My first ever internet forum was…
OK. Almost my first.
Almost my first ever internet forum was the sadly-defunct UC-UK (that’s Urbancyclist-UK), which I joined when I was still living in Oxford. It was an email list — what back then were called bulletin boards weren’t terribly popular as we preferred discussions delivered direct to our email boxes. It’s a whole other discussion as to why fora became more popular, although I would venture the suggestion that it’s a matter of numbers. Email groups are good for one or two threads in which tens of the most vocal members are involved. Fora are good for hundreds of active threads from which thousands of members can pick and choose.
I’ve been a member of one internet cycling community or the other ever since; a rare example of a female who cycles on the road and who is an assertive participant in internet discussions about cycling.
OK. We’re not that rare. But we do comprise a remarkably small proportion of the virtual cycling population.
One of the things I’ve noticed throughout my long experience of cycling fora is the inevitable tendency of male posters to respond to female discussion threads with blatant, unapologetic lechery. While a man could post about choice of saddle to avoid prostate problems without worrying too much about other posters joining in just to make comments about his tackle, it’s impossible for women to have a discussion on a forum about female-specific issues without men posting innuendo. In the last such thread in which I participated one male member thought it would be appropriate to post a suggestion that he sexually molest any female cyclists on his next club run.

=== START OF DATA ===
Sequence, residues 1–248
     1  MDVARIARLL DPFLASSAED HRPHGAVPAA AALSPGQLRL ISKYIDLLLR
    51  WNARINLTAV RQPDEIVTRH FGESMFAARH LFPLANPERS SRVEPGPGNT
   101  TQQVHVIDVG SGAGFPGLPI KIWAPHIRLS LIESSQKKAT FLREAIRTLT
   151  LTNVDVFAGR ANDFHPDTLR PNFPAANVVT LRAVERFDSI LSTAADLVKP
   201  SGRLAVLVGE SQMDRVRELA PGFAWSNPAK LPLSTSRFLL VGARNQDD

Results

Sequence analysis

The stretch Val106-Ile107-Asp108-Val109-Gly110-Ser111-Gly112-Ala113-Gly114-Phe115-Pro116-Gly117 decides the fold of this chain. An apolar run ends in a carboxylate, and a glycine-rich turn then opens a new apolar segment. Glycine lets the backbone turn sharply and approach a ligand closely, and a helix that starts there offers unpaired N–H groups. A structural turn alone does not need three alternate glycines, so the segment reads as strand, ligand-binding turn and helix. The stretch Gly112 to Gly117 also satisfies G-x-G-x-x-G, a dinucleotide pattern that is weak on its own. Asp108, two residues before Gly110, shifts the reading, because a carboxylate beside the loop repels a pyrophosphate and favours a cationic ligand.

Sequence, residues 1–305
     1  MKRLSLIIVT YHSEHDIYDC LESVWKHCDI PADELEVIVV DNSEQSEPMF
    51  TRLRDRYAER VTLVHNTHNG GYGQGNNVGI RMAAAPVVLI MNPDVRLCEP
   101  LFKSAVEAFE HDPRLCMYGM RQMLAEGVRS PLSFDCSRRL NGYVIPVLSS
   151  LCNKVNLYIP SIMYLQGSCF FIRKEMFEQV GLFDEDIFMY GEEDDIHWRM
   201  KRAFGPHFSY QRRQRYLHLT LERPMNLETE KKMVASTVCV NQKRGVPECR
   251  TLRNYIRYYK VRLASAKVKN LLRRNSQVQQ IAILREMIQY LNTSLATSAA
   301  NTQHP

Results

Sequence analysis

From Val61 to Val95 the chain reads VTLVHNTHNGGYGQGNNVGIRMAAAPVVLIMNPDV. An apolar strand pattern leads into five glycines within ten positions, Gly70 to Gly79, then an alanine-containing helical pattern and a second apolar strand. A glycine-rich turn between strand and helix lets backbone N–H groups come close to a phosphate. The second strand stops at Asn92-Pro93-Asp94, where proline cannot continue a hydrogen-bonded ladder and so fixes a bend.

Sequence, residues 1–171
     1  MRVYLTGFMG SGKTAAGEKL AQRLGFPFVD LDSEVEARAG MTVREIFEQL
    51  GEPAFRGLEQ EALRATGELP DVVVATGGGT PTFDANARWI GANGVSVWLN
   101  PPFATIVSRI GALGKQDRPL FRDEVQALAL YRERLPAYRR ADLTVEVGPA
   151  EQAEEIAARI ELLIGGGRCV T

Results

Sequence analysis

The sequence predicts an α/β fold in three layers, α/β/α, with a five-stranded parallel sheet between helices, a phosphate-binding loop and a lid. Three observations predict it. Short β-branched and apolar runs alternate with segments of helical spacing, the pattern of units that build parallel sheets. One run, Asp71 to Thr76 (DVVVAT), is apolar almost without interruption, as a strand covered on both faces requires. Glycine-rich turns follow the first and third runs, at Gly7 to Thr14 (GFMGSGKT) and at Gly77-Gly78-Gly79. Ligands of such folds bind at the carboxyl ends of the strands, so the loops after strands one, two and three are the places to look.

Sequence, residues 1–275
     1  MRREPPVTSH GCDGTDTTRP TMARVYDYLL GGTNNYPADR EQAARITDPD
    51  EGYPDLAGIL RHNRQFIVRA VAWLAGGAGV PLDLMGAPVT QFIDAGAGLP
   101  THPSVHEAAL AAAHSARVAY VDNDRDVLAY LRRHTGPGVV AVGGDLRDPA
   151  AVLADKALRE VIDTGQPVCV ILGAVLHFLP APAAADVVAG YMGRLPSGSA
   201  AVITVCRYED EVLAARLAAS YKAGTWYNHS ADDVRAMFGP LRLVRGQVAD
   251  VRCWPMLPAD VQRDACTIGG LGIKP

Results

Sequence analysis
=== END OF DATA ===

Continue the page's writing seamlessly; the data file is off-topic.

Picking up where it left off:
I’ve had enough of that sort of nonsense. And I said so. Repeatedly. I suspect the laddish atmosphere that can prevail in cycling communities is what puts a lot of women off taking part.
It’s something I’ve taken to doing relatively recently. A lot of the time I feel like a killjoy, like I’m taking it too seriously. I’ve certainly been accused of taking things too seriously and over-reacting — of having a hair trigger — on numerous occasions. But it’s simply that I’m pissed off with having to tolerate comments from the lads, as one forummer once put it. I’ve even been told that if women want to discuss female-specific cycling problems we should get our own private forum, and if we don’t get our own private forum then we should put up and shut up about it.
Boys, as they say, will be boys.
Given the paucity of women taking up cycling, anything that is likely to make them feel unwelcome, in my opinion, should be stamped on and stamped out. Those of us who have the inclination and confidence to take a stand on these things should do so. It’s appalling that any woman should be made to feel she’s over-reacting or being a spoilsport for demanding a similar degree of respect and consideration to that given to the men.
I’m delighted to end this by saying that the thread in question generated some very useful discussion and led one member to express pleasure in the number of ladies present. Don’t feel bad about demanding respect, girls. No matter how foolish, out of order or hypersensitive you may feel expressing your desire to have a perfectly ordinary conversation without being interrupted by the sort of comments that would familiar to Benny Hill, I can guarantee there are other women there who will be grateful to you for making the effort.
Nip it in the bud and maybe the message will start to sink in.
And guys? If you wouldn’t go up to a bunch of women discussing something in a tea shop and interrupt them with whatever you are about to post to a forum thread, because you’d look like an idiot and a creep and a pervert, don’t post it (although if you would then it’s your call). Also, if a woman objects to something you’ve posted, don’t immediately assume she’s over-reacting but check your language. All we’ve got to go on is what you’ve written.
Remember, too, that “it’s just a bit of fun” is really, really lame if not everyone agrees with you.
I don’t want anything too ambitious, just the opportunity to share my experiences as a female cyclist with other cyclists without wondering whether the next post in the thread is going to ignore the cycling element in favour of sex.